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I'm learning JDB and running into a bit of a paradox. After starting JDB (with "jdb ClassName") most tutorials will tell me to type

> methods ClassName

to see a list of available methods so that I can set my breakpoints. If I do that, JDB replies

Command 'methods' is not valid until the VM is started with the 'run' command

Of course, if I say "run" before setting any breakpoints, it runs straight through; not very helpful. The only thing I can conclude is that jdb expects you to set your breakpoints blind, but this seems like such a gross oversight, I'm holding out that I'm simply missing a command.

Many thanks!! Joyce

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Why can't you use an IDE ? –  Romain Hippeau Jul 18 '10 at 17:46

3 Answers 3

If it's your own program you're debugging, I'd think you'd know the class names!

If it's a program for which you don't have the source code, then to run it you must know the class name containing main(). If it's in a jar started with java -jar, the name of that class is in the manifest inside the jar.

But in fact you're running jdb ClassName, so you know you'll be running method ClassName.main(). Right?

If it's a servlet in a web service, the class of the servlet is in web.xml.

So in any of those cases you should at least be able to get the very first method. Once there, you can find the rest.

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I had exactly the same question.

So after running:

jdb -classpath build -sourcepath src MyClass

the text I entered is in bold below in the jdb session:

> stop in MyClass.main
Deferring breakpoint MyClass.main.
It will be set after the class is loaded.
> run
run MyClass
Set uncaught java.lang.Throwable
Set deferred uncaught java.lang.Throwable
> 
VM Started: Set deferred breakpoint MyClass.main

Breakpoint hit: "thread=main", MyClass.main(), line=798 bci=0
798         MyClass singleton = new MyClass();

main[1] list
797     public static void main(String[] args) {
798 =>      MyClass singleton = new MyClass();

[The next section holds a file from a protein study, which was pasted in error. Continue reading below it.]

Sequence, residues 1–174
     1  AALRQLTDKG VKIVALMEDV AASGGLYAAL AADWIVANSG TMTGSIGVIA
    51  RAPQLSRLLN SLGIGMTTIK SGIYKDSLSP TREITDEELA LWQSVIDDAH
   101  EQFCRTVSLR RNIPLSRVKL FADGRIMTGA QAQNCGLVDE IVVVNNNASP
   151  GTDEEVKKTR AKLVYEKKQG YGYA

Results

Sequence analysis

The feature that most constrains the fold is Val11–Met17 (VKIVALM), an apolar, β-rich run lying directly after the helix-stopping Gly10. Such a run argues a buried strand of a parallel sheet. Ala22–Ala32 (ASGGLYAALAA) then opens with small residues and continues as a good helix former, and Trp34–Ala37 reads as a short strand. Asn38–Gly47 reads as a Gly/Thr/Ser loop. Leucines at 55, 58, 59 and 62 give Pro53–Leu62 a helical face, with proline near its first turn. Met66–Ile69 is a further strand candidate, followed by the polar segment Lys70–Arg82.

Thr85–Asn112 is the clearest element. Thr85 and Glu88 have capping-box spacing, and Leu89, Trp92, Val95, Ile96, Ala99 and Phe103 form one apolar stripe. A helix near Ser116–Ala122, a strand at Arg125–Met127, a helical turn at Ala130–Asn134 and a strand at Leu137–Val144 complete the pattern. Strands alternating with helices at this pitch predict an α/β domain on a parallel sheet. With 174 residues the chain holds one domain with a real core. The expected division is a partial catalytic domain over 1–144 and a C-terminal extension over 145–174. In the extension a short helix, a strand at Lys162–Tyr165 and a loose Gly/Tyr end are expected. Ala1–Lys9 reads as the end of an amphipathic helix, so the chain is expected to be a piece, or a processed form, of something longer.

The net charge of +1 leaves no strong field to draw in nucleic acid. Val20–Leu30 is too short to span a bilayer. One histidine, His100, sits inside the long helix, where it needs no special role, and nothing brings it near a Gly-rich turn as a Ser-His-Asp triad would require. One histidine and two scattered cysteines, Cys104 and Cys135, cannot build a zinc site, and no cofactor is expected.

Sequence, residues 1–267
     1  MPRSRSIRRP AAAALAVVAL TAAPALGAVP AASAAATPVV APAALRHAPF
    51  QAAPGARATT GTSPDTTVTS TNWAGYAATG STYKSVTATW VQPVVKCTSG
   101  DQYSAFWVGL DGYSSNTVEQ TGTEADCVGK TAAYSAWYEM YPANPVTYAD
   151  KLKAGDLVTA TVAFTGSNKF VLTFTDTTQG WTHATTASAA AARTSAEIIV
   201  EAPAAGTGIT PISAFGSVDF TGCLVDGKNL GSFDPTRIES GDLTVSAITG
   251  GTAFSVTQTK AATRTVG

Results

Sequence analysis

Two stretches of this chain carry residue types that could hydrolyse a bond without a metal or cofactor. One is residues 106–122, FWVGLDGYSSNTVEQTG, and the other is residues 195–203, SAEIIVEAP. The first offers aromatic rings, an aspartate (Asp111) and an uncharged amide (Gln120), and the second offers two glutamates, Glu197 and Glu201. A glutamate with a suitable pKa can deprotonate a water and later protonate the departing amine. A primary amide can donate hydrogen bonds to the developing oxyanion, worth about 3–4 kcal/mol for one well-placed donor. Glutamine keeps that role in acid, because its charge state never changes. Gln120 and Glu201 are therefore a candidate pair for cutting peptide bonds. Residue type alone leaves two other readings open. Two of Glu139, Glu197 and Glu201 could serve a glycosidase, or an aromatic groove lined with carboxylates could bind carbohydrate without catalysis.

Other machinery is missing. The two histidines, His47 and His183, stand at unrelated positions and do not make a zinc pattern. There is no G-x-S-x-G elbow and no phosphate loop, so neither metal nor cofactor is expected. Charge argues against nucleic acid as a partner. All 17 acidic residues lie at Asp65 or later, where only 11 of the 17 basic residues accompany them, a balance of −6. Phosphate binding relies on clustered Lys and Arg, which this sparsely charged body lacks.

799         
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Note that there are two ways to create a debugging session (see the jdb documentation).

  1. Attaching - We load the program into a virtual machine, it pauses listening on a port (e.g. 8000). Then in another terminal session, we load jdb and attach it to the JVM session by specifying the port.
    • in one termial session:java -Xdebug -agentlib:jdwp=transport=dt_socket, address=8000,server=y,suspend=y ClassName
    • in a second terminal session: jdb -attach 8000
  2. Launching - Load jdb and tell it the name of the class to load.
    • in a single terminal session: jdb ClassName

If you are attaching, then you don't need to use the run command.
However, if you are launching, then you do need to use the run command (the virtual machine hasn't been started yet).


This behaviour can be inferred from man jdb:

run - After starting jdb, and setting any necessary breakpoints, use this command to start the execution of the debugged application. This command is available only when jdb launches the debugged application (as opposed to attaching to an existing VM).

This is why you have the error message. You launched the debugger but didn't use the run command. Some tutorials may incorrectly tell you to launch jdb, but forget to tell you to execute the run command.


Below shows how to get the list of methods (assuming you have main method in a class called ClassName).

  1. Attaching:
    jdb -attach 8000
    main[1] stop in ClassName.main
    main[1] cont
    main[1] methods ClassName

  2. Launching:
    jdb ClassName
    > stop in ClassName.main
    > run
    main[1] methods ClassName

Hint: look at jdb's command prompt. Sometimes it's >, sometimes it's like main[1]. If it's >, then the VM hasn't started and commands such as classes, methods won't work until you have used the run command. If the prompt is main[1], the VM has been started and desired commands will work.


The only thing I can conclude is that jdb expects you to set your breakpoints blind

It is difficult to set breakboints using the debugger alone. You need to be looking at your source code elsewhere. You will likely know the name of at least one method to break at and thus set an initial breakpoint using stop in ClassName.MethodName. If you don't know where to break, you can always set a breakpoint on your main method using stop in ClassName.Main. Remember that while the debugger is running, you can set more breakpoints. Also, you may find, the list command useful - it shows the source code corresponding to the current breakpoint hit.

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